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GTA Office Vacancy hits its lowest point
12 Jun, 2008, Toronto
City approaches end of cycle
Vacant space in the GTA is expected to reach its cycle low water mark over the final two quarters of 2008, ushering in the beginning of a new office leasing cycle.
The downtown, AAA vacancy rate dropped to just 1.9 percent in the second quarter of 2008, down from 2.7 percent last year. Overall vacancy in the GTA (all classes) dropped to 5.3 percent – down from 6.6 percent in the second quarter of 2007.
The GTA Vacancy rate is expected to fall below its historic low of 5.0 percent over the next few quarters, driven in part by a pause in development activity that will see only 300,000 square feet of new supply come to market over the balance of 2008.
It is anticipated that, in early 2009 the overall vacancy rate will begin to rise.
“We’ve seen moderate, healthy growth for the past four years,” said Pierre Bergevin, incoming President and CEO of Cushman & Wakefield LePage. “What we have not seen is an overheating of market conditions: no “dotcom” explosion, no warehousing of space as we saw in 2000. Occupancy rates are at historic highs and landlords are well positioned for softer demand.”
The second quarter of 2008 was characterized by buoyant demand, though demand momentum shifted eastward over the quarter, as tenants locked down some of the larger remaining space opportunities in the GTA East. Absorption spiked to almost 400,000 sf in the GTA East driving the vacancy rate in that market down to 8.2 percent from 9.1 percent last quarter.
The GTA as a whole saw strong demand and cautious deal making push the vacancy rate downward to 5.3 percent from 5.6 percent last quarter.
The Central Area saw tenants with near term lease expiries chip away at some of the remaining well located blocks of space over the second quarter. Class A space in the Financial Core fell to 5.9 percent for the first time since 2001. Class B and C also saw significant tightening to 2.7 percent and 3.6 percent respectively.
In 2009 three new office towers in downtown Toronto will add 3.4 million square feet of space to this market – 60 percent of which is pre-leased – adding upward pressure to vacancy rates.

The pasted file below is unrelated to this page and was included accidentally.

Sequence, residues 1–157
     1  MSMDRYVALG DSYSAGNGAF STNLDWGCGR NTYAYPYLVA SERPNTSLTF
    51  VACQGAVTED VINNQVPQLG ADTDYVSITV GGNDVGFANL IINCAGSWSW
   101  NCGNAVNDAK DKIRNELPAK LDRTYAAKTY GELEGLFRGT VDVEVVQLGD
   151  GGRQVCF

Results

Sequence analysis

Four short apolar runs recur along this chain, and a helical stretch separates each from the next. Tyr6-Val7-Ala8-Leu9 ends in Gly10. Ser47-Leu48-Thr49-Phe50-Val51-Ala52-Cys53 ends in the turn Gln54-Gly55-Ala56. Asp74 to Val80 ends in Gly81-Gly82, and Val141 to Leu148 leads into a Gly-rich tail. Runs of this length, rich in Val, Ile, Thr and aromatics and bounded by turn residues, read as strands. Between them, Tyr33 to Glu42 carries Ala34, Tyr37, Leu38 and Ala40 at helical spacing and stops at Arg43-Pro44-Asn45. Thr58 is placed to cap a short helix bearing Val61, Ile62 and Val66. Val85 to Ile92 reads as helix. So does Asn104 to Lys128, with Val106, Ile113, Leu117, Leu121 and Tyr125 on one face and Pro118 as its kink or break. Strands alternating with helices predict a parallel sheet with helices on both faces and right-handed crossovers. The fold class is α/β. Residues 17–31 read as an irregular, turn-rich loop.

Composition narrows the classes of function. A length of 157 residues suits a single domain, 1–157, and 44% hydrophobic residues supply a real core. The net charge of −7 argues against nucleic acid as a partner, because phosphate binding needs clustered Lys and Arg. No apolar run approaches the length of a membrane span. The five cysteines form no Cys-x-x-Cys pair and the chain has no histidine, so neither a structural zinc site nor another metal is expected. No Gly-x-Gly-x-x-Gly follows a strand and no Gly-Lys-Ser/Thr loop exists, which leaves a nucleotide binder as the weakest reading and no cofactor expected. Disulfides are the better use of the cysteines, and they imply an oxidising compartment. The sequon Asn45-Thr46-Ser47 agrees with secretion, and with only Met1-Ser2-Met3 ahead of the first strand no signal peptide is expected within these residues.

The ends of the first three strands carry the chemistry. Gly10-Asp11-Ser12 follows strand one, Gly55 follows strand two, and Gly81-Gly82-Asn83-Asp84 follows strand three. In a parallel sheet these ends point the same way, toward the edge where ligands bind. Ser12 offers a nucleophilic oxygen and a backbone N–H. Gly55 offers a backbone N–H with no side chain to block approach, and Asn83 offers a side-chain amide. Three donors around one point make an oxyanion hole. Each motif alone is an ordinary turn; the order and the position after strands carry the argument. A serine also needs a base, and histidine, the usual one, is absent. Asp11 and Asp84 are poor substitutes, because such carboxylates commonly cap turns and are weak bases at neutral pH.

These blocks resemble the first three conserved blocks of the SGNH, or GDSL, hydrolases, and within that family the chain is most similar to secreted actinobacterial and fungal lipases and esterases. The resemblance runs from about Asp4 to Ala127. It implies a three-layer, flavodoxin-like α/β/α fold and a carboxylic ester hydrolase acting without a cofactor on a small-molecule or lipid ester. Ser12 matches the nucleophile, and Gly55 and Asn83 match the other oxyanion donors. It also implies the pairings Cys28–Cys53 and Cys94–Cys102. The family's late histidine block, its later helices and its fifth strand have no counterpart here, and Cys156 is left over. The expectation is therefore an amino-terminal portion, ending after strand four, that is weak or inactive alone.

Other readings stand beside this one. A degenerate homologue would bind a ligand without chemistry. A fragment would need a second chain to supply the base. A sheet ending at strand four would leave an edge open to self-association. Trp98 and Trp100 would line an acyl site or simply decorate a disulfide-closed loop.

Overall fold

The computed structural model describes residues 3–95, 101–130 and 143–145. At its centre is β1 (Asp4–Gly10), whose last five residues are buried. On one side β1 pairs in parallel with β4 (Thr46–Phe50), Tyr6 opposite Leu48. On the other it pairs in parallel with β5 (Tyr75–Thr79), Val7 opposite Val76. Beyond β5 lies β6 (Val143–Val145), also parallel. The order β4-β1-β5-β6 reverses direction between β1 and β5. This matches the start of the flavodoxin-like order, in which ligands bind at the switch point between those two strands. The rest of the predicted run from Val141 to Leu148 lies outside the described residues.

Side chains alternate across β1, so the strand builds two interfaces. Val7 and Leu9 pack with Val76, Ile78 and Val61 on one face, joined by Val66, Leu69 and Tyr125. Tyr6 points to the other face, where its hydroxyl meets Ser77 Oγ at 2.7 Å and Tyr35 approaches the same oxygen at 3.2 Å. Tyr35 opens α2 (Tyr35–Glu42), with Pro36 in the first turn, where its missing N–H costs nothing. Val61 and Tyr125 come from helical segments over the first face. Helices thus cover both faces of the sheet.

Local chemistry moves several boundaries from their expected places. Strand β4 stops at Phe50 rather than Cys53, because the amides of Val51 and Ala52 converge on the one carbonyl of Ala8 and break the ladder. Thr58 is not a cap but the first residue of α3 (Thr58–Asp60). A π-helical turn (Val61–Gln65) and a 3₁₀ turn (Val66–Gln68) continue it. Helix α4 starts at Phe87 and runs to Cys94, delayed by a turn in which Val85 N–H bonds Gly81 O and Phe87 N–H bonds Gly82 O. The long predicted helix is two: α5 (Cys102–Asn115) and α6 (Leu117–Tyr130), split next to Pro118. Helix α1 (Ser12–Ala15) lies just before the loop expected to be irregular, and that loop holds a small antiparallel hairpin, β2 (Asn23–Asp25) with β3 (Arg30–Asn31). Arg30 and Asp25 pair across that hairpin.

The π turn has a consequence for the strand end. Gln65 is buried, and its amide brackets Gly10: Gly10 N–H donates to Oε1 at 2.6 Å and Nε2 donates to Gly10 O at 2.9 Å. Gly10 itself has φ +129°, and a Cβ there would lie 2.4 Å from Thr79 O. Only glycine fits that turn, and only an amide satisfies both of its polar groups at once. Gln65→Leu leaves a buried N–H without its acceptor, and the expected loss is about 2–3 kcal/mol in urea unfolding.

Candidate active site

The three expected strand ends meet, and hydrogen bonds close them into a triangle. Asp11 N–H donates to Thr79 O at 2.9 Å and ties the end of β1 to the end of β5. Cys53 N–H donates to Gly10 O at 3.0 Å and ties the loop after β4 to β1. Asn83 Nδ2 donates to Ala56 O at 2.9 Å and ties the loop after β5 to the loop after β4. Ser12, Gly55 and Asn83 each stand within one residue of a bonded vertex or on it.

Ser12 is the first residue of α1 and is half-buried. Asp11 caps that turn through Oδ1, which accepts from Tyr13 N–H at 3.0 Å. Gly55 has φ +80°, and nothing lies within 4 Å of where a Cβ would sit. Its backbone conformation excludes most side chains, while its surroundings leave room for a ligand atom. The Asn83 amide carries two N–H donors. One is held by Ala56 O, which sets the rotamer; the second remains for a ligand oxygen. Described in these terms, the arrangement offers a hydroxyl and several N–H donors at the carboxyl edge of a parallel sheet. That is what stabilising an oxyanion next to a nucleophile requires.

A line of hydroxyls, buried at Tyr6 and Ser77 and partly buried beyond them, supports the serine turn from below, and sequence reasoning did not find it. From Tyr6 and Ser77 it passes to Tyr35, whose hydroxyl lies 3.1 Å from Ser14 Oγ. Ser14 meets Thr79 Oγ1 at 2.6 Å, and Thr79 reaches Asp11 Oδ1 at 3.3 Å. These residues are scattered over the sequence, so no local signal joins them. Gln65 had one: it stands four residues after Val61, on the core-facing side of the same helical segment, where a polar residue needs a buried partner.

Excluding the GTA East, which still has a relatively high vacancy rate, the balance of the GTA office markets have an overall vacancy rate of 4.6 percent. This is marginally tighter than at the peak of the last cycle.
The GTA West held firm at 6.5 percent over the second quarter, but with development activity pausing in the west, vacancy is expected to tighten further over coming quarters.
“The caution in these statistics is that, while second quarter results indicate companies are expansion minded – we need to remember that office markets are a lagging indicator of economic change,” said Bergevin.
Cushman & Wakefield LePage is the Canadian operation of Cushman & Wakefield – the world's largest privately-held commercial real estate services firm. Founded in 1917, it has 221 offices in 58 countries and more than 15,000 employees. The firm represents a diverse customer base ranging from small businesses to Fortune 500 companies. It offers a complete range of services within four primary disciplines: Transaction Services, including tenant and landlord representation in office, industrial and retail real estate; Capital Markets, including property sales, investment management, valuation services, investment banking, debt and equity financing; Client Solutions, including integrated real estate strategies for large corporations and property owners, and Consulting Services, including business and real estate consulting. A recognized leader in global real estate research, the firm publishes a broad array of proprietary reports available on its online Knowledge Center at www.cushmanwakefield.com.
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